Research and Models of Learning Assessment in Higher Education
We know that assessment is a “required” part of higher education. But, really, why do we assess student learning? There are many good reasons to do this that have very little to do with accountability and much more to do with how we ensure students are learning. This session will present some of the models for assessing learning in higher education and explore some of the reasons why they work (and in some cases, don’t work). If we are to view the assessment process as a transformative methodology that provides useful information about what we are doing that works, we may be able to move into a new era in higher education where we can really put students’ learning at the forefront of the assessment process.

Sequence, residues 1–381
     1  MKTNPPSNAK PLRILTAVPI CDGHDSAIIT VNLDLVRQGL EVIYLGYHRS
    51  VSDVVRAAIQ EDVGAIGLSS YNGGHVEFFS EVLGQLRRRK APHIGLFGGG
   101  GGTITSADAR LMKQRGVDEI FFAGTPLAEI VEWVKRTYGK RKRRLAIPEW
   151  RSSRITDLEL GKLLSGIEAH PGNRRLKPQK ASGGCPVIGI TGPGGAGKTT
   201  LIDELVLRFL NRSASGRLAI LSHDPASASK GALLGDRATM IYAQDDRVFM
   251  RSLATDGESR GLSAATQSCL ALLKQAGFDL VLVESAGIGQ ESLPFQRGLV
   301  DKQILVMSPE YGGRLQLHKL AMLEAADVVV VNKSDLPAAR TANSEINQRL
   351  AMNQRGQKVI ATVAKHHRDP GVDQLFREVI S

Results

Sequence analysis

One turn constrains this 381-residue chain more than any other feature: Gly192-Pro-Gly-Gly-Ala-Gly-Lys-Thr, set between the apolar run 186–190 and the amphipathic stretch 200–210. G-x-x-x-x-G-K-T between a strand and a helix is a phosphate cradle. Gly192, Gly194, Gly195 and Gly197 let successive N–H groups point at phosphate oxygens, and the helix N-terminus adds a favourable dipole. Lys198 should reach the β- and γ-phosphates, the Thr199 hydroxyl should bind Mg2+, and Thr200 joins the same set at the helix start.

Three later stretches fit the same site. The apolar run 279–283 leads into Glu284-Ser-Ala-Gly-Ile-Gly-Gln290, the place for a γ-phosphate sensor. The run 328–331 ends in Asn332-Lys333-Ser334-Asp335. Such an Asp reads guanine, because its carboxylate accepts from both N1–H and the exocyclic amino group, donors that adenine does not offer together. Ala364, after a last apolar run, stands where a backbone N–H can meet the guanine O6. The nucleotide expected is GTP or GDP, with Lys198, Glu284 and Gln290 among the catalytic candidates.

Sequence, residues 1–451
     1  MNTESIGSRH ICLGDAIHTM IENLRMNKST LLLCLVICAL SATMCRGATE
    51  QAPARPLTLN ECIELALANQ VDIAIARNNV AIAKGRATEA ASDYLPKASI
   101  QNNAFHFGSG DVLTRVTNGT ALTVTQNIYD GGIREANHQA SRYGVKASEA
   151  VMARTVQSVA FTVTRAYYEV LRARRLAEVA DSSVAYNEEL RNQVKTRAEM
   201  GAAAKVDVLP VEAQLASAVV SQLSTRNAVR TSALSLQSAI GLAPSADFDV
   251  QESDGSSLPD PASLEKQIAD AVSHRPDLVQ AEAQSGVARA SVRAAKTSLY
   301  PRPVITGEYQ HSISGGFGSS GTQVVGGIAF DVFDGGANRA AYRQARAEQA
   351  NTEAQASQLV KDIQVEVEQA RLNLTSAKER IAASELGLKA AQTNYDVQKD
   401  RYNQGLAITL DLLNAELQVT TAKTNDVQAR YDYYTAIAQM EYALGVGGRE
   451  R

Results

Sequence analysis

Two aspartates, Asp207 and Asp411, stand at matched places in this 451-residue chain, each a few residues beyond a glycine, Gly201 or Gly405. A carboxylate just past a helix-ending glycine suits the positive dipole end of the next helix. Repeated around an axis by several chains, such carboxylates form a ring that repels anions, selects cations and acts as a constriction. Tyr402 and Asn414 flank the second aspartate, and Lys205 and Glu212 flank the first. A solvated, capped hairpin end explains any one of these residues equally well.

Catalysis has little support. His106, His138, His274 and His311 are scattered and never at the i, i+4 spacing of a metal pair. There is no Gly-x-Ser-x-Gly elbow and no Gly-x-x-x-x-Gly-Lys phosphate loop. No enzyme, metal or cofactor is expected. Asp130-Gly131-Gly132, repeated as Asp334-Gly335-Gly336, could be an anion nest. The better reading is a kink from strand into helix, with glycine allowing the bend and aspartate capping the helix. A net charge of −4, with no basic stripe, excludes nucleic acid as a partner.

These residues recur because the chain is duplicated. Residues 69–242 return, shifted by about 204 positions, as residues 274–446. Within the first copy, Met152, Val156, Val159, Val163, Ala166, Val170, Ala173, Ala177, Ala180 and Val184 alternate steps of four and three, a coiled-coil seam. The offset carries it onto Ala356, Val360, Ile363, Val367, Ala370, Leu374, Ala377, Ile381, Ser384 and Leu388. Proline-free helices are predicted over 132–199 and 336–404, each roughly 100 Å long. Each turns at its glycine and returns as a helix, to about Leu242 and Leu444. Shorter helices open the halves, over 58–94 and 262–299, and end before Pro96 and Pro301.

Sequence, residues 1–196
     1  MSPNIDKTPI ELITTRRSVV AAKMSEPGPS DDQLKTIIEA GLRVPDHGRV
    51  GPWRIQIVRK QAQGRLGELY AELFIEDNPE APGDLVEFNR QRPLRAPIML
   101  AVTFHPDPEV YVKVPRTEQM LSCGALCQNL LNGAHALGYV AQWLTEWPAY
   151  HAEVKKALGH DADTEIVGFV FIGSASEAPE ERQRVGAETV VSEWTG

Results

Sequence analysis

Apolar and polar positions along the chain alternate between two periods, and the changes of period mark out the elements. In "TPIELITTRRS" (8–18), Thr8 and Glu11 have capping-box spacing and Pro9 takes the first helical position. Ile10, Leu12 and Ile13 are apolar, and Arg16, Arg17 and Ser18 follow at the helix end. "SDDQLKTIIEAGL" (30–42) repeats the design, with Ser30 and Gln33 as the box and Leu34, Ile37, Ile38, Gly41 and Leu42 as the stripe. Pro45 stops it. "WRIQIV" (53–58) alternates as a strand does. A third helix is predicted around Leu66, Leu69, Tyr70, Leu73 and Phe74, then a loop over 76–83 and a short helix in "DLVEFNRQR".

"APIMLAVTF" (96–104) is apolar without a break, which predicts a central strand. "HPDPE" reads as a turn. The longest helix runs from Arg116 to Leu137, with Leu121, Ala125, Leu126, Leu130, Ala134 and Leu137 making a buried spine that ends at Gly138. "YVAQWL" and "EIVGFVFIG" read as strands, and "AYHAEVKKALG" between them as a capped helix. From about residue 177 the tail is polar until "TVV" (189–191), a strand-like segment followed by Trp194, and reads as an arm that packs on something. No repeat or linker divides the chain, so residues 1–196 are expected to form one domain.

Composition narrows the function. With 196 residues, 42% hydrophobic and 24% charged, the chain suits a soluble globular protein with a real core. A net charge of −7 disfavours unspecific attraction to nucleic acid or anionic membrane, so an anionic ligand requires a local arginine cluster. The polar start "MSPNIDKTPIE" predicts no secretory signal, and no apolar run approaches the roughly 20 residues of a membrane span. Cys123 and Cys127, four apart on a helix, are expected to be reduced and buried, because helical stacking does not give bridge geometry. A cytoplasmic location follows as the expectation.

Dr. Catherine M. Wehlburg is the Associate Provost for Institutional Effectiveness at Texas Christian University. She has taught psychology and educational psychology courses for more than a decade, serving as department chair for some of that time and then branched into faculty development and assessment. Dr. Wehlburg has worked with both the Higher Learning Commission of the North Central Association and the Commission on Colleges with the Southern Association of Colleges and Schools as an outside evaluator. In addition, she has served as editor of To Improve the Academy and is currently the Editor-in-Chief for the New Directions in Teaching and Learning series. Dr. Wehlburg regularly presents workshops on assessment, academic transformation, and the teaching/learning process. Her books include Promoting Integrated and Transformative Assessment: A Deeper Focus on Student Learning and Meaningful Course Revision: Enhancing Academic Engagement Using Student Learning Data. She earned her Ph.D. in educational psychology from the University of Florida.